M.D. News Southeast Michigan (Republished in the Foster Swift Health Care Law Report)
Too long neglected, quality measures are emerging as the centerpiece of healthcare evaluation, performance and payment for services in the American healthcare system.
Congress, Centers for Medicare and Medicaid services ("CMS") and the Office of the Inspector General have developed and are providing new mantras for quality.
Medicare is moving from its "passive buyer" position to becoming an "active purchaser" of hospital and medical services. "Pay for performance" is the new battle cry and this transformation is being heralded as well by private third party payors and managed care organizations.
Federal programs for improvement in hospital/physician quality of care, such as the Hospital Quality Initiative ("HQI") and the Physician Quality Reporting Initiative ("PQRI") are well beyond initiation and are being reviewed along with other federal programs to provide data on provider performance, evaluation of payment, testing of error rates and error measurement. Of questionable character is the Recovery Audit Contractor program ("RAC") whose contractors receive a percentage of monies they recover from providers. This kind of payment reward based on percentage can lead to contractor abuse of providers and will have to be very carefully monitored.
Providers are being moved to a system not only where their service payments will be more intensely studied, but where pre- and post- payment auditing, licensure, certification, and third party participation issues, for institutional and non-institutional entities, may be dramatically altered.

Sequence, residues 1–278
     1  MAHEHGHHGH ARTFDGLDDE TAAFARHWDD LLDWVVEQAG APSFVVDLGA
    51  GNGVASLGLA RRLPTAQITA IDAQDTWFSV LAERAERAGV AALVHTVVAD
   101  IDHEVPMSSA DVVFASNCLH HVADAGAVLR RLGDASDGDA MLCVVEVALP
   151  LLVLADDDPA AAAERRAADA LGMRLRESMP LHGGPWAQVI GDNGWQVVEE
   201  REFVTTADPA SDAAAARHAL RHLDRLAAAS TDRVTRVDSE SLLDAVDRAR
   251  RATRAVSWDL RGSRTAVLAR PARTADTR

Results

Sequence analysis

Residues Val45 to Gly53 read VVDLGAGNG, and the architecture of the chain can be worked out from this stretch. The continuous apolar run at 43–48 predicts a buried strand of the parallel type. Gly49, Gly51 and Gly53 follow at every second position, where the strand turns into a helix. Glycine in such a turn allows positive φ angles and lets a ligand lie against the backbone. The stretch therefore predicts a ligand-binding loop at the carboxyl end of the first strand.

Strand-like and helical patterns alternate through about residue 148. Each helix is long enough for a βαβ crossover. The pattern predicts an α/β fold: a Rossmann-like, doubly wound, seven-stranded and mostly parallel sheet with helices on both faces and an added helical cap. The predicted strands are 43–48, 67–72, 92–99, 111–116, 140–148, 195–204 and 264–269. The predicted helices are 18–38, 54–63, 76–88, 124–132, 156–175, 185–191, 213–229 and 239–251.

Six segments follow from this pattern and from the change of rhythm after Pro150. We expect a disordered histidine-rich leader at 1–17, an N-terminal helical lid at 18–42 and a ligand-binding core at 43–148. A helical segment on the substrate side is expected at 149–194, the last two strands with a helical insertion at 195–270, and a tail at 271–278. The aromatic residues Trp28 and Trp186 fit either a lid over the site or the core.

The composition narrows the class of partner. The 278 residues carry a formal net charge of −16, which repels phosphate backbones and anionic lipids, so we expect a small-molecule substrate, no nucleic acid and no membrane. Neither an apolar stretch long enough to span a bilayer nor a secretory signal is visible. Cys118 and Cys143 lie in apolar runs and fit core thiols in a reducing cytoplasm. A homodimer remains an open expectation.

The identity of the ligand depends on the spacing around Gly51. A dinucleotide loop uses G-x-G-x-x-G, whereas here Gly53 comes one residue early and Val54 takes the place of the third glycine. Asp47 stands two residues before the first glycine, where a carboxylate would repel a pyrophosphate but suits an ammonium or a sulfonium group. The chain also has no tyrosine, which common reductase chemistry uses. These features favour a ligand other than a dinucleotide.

Value Based Purchasing ("VBP") or provider performance will be more carefully measured and will bring more sophisticate d standards of performance and open areas of provider activity long left dormant.
New bonus initiatives and a potential range of sanctions are now likely to open and endeavor to modify provider behavior.
Long drifting toward same service-same fee, the fee for service payment system may now bring a system of variant payments for the same or similar services depending upon the quality and performance of the rendered service.
Origination theory of measures to evaluate quality of care is not new. Its foremost exponent in the last decades of the twentieth century was Professor Avidas Donnabedian, at the University of Michigan, who formulated quality measures to be denominated as structure, process and outcome measures. Dr. Donnabedian’s writings are extensive and are profitably read to gain understanding of the background of measures which have led to the more sophisticated programs now being implemented by CMS and others for data collection and evaluation.
Quality measures themselves will require substantial provider input in their further development and evaluation. This input has already been provided for by federal action.
The impact on providers will no doubt be profound over time. But the impact is likely to be transformative. Wherever our healthcare system is going in terms of service delivery and payment; single payer, multiple payer, or the like, quality of care mandated recently and originally by the federal government is likely to effect the type and depth of care that is given to patients. Providers who look at these trends should be rewarded for their efforts with the advantages of being forearmed in a much changed system.